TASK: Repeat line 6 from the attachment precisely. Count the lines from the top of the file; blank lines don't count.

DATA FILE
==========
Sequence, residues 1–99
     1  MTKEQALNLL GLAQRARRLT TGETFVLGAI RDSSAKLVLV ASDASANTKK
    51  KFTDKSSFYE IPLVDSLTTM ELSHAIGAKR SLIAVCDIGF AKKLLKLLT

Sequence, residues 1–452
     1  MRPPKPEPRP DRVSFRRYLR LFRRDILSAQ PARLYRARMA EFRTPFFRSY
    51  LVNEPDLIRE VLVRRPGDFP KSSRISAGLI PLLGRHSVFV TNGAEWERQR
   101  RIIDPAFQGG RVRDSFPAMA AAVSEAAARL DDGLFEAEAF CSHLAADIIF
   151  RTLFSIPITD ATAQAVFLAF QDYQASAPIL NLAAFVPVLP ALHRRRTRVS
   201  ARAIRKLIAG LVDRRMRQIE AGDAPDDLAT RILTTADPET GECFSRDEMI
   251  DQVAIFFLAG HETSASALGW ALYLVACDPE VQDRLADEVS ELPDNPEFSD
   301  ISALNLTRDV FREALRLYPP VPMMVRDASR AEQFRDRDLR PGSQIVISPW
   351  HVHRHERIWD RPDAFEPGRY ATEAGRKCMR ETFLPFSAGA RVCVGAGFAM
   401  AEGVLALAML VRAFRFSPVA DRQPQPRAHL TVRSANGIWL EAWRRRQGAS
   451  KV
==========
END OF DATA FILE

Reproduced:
    51  LVNEPDLIRE VLVRRPGDFP KSSRISAGLI PLLGRHSVFV TNGAEWERQR